News & Opinion » Editor's Notebook

CITY's comments are back


Ten months ago, CITY disabled the comments function at the bottom of articles on its website after the platform became a disheartening, sucking, swirling eddy of insults.

For years prior to being dismantled, the comments section had simultaneously served as a marketplace of ideas, an exchange of information, and a self-moderated town hall. There were always trolls lurking among the opinions of well-intentioned readers, of course. But they didn’t dominate the discussion.

Until they did.

Trolling, defined as the act of posting incendiary or derogatory messages in online forums, usually anonymously, plays on humankind’s most primal instincts.

In his parable of the Ring of Gyges in the fourth century B.C., Plato told of a good and decent shepherd who, when imbued with the power of invisibility, seduced a queen, killed the king, and took over their kingdom. Plato argued that without accountability for our actions we would all behave badly.

In other words, anonymity brings out the worst in people. Morality, Plato theorized, stems from, or is at least reinforced by, full disclosure.

Anonymity in the internet age hasn’t overthrown a government (yet), but it did kill the CITY comments section. There was one troll who posted comments under a variety of pseudonyms, sometimes commenting under one fictitious name, then applauding himself under another like some sort of self-congratulating Dr. Jekyll and Mr. Hyde.

CITY prides itself as being the people’s paper, however, and is willing to give the comments section another chance. We view restoring the comments as a goodwill gesture to readers who enjoyed, and have told us, they missed the feature.

In recent days, CITY resurrected the commenting function with a new tool called Disqus. With Disqus, readers will be required to log in to the platform using one of four gateways — their Google email address, their Facebook account, their Twitter account, or their Disqus account — to be able to comment.

We are under no illusions this additional step will make anonymous comments obsolete. False or concealed identities on Facebook, Twitter, and Gmail abound. Disguising oneself remains easy to do for anyone so inclined.

We do hope, though, that the new tool will mitigate the trolls. The Disqus platform allows users to “upvote” and “downvote” comments, much like in a Reddit forum, ensuring the most popular entries rise to the top of the thread. Users can also control whether the comments in a thread are presented chronologically or by popularity, and block other users.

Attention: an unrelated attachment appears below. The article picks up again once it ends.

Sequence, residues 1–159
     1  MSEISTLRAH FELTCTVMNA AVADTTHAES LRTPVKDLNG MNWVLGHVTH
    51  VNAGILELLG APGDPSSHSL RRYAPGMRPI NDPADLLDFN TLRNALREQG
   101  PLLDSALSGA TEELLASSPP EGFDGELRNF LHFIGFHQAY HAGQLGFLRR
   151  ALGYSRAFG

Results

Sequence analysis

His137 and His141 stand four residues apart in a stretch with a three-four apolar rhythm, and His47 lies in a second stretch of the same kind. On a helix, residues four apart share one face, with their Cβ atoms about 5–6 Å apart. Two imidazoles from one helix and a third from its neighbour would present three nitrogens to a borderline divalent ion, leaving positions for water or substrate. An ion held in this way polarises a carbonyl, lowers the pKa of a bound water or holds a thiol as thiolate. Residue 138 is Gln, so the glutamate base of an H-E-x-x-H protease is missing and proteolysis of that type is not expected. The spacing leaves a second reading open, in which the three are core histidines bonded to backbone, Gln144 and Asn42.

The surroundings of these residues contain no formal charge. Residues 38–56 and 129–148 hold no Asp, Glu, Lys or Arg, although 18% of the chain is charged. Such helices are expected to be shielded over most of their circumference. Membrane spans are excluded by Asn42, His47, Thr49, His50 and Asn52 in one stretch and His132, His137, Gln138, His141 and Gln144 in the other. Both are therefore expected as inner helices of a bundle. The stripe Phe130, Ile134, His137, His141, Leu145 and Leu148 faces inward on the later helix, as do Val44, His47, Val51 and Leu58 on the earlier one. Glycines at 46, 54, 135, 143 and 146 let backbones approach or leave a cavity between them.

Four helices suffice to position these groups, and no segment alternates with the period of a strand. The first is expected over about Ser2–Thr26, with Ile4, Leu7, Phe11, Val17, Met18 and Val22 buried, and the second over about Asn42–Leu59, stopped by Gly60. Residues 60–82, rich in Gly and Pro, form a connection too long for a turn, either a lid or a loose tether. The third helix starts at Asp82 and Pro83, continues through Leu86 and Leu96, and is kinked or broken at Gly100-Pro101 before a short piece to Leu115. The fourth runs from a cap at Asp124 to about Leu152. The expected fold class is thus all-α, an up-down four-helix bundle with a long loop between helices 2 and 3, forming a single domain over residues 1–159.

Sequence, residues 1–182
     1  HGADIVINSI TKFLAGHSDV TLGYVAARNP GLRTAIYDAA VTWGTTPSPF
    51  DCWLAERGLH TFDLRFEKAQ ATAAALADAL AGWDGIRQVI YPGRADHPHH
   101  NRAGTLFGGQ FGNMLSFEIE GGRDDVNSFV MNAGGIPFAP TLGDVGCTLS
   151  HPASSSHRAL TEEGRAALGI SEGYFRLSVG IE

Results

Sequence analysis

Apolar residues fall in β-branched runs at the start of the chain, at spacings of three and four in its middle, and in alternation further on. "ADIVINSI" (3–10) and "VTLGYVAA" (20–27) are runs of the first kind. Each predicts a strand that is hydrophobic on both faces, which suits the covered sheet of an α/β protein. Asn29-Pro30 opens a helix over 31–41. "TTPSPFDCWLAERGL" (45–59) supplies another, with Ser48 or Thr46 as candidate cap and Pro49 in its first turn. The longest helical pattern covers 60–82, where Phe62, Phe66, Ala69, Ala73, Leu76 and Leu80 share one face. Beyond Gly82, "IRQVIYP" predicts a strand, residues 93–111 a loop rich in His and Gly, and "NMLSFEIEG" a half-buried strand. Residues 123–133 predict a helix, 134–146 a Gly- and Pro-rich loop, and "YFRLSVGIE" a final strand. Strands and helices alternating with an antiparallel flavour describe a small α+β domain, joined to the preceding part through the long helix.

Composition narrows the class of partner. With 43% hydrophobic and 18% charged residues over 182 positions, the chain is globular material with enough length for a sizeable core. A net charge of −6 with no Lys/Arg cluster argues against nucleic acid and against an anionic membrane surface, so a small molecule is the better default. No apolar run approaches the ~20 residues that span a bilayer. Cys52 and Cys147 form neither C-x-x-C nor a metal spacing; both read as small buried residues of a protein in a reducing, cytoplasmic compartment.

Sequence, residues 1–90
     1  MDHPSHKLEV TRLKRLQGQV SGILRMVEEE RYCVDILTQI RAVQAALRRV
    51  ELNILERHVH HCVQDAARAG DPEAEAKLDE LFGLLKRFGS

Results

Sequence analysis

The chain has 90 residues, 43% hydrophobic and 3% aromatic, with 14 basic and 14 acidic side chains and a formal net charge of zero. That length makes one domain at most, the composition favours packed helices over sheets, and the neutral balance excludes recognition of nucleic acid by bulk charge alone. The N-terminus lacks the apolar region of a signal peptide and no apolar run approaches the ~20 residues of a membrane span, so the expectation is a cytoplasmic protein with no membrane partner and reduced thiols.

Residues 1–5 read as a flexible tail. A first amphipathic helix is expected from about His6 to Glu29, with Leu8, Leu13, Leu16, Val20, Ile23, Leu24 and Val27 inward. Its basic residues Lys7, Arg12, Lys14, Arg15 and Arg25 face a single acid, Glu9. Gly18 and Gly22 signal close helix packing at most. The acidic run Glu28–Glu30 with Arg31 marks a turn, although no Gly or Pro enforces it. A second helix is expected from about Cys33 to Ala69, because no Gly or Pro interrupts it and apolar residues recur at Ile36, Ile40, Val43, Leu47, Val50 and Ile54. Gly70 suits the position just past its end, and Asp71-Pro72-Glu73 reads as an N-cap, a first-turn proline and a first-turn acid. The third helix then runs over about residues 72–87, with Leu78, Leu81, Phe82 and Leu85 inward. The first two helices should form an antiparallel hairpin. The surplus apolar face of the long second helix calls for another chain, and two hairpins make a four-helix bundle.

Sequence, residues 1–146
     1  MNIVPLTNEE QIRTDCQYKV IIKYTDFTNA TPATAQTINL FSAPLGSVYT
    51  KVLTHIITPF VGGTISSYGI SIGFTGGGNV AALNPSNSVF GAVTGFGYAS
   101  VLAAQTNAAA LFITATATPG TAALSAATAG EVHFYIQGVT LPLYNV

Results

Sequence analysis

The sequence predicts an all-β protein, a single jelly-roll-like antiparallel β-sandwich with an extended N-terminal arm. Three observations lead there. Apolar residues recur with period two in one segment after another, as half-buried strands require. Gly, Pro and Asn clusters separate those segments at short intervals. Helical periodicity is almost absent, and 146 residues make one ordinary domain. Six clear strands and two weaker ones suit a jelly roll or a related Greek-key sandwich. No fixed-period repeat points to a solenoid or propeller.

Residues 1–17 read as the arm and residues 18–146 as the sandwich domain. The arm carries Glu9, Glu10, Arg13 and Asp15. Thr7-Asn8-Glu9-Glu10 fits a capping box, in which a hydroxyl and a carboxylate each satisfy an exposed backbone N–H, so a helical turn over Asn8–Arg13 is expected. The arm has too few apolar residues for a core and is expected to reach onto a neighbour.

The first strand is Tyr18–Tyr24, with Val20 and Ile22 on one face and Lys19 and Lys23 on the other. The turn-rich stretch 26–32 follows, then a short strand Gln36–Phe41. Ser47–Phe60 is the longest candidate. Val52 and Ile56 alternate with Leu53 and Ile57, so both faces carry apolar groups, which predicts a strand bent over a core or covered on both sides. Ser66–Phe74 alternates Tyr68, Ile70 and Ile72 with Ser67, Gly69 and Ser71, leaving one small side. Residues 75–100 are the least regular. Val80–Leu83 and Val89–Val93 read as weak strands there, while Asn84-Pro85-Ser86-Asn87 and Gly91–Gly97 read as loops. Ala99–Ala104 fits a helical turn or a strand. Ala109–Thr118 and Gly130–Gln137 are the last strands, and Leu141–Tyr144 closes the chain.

Many readers have already begun using the new comments function. And some of them are doing so under what appear to be pseudonyms.

All of the comments thus far have been civil, however. That’s what we’re really striving for here — a medium that encourages and elevates respectful debate.
Keep in mind, too, that most of CITY’s content is also posted on its social media channels, where readers are free, and encouraged, to comment.

No doubt there is some value in letting readers express opinions that may get them in trouble at work or offend friends and neighbors, without having to give their names. But comment forums drunk on anonymity have the tendency to slide into the equivalent of a barroom brawl and drown out the voices of sober and thoughtful readers who become less willing to speak up when the punching begins.

Let’s not go there this time.

Recently, a reader wrote to me asking why CITY insisted on printing the names of people who submitted letters-to-the-editor for its Feedback page.

“Is a point made or opinion held salient, irrespective of the name slapped at the bottom?” the reader asked. “Should that not be the yardstick employed, not who typed it up? If the actual identity of the author is germane to the content — no one wants an imposter writing in for a local politician or civil servant — an understandable exception can be made.”

CITY prints the names of its Feedback contributors for the same reason it encourages readers who post comments to use their real identities: Standing behind one’s opinions with one’s name is the best way to encourage open, robust, and, most importantly, civil discourse.

Thank you for reading and for sharing your thoughts.

David Andreatta is CITY’s editor. He can be reached at